Remarks by AFSCME Ohio Council 8 President John A. Lyall on Workers Memorial Day:

Ohio Council 8 President John A. Lyall addressing union activists from the South East Ohio Central labor Council who observed Workers Memorial Day in Athens Ohio.

Ohio Council 8 President John A. Lyall addressing union activists from the South East Ohio Central labor Council who observed Workers Memorial Day in Athens Ohio.

Workers memorial day is a day to honor our sisters and brothers who’s lives were taken in on-the-job accidents.

It’s also a call for labor to work tirelessly to see that every worker comes home alive from their day – or night’s – work.

April 28th was chosen because it is a day the labor movement declared a major victory in its decades-long job safety fight.

What the OSHA Act did in 1970, was to replace the patchwork of some states with – and many with without – job safety laws, with a federal law.

Looking back, it’s clear the sates with the strongest safety law were also states with the strongest unions.

However public employees were not covered under the Federal act. For Ohio, it would be another 22 years before public sector workers won that right.

Then, in 1992, House Bill 308 became law and Ohio’s 500,000 public employees joined the rest of America’s workforce with the right to a safe workplace.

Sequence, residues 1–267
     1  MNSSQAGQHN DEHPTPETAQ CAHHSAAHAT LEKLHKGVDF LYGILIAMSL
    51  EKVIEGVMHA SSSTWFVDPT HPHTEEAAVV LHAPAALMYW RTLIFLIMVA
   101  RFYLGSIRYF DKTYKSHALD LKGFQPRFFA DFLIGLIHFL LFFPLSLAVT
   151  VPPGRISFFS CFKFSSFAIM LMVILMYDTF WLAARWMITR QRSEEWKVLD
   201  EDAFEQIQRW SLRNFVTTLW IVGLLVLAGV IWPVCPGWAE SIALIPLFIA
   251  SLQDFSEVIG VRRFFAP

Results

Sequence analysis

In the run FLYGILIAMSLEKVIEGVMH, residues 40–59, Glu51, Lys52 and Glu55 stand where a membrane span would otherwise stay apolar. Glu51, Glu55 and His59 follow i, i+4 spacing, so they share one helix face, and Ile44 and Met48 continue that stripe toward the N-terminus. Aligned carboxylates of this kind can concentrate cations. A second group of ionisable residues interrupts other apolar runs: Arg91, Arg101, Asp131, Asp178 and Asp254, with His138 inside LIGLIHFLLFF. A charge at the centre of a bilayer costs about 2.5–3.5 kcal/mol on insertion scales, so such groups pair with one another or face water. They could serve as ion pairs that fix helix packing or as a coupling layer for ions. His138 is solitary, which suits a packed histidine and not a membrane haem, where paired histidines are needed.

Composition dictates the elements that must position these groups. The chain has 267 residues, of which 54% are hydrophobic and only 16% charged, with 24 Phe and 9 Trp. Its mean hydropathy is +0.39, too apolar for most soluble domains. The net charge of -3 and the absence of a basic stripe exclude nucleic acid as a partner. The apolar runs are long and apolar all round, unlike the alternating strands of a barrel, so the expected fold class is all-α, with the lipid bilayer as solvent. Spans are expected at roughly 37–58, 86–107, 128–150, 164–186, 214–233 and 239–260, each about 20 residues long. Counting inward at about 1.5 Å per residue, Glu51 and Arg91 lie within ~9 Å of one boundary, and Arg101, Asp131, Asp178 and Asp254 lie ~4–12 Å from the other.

This was huge for our members. Prior to passage of the law, public employers had no legal responsibility to provide a safe workplace. As a result –every year more than 25 public employees were killed on the job –- and hundreds more were injured in preventable accidents.

HB 308 was passed several times by the Ohio House only to be held hostage in the Senate. During those eight years we struggled to pass that bill, some 200 public employees lost their lives and thousands more were injured.

Today, the Koch brothers are getting sore arms writing checks to the right-to-work scammers who are determined to turn back the clock on workers rights – including job safety with laws.

They want to take us back to those “good old says” when a wife saw the foreman walking up to her door with a box of groceries, she knew her husband was not coming home from the mine, the mill, or the plant – but the company was real sorry.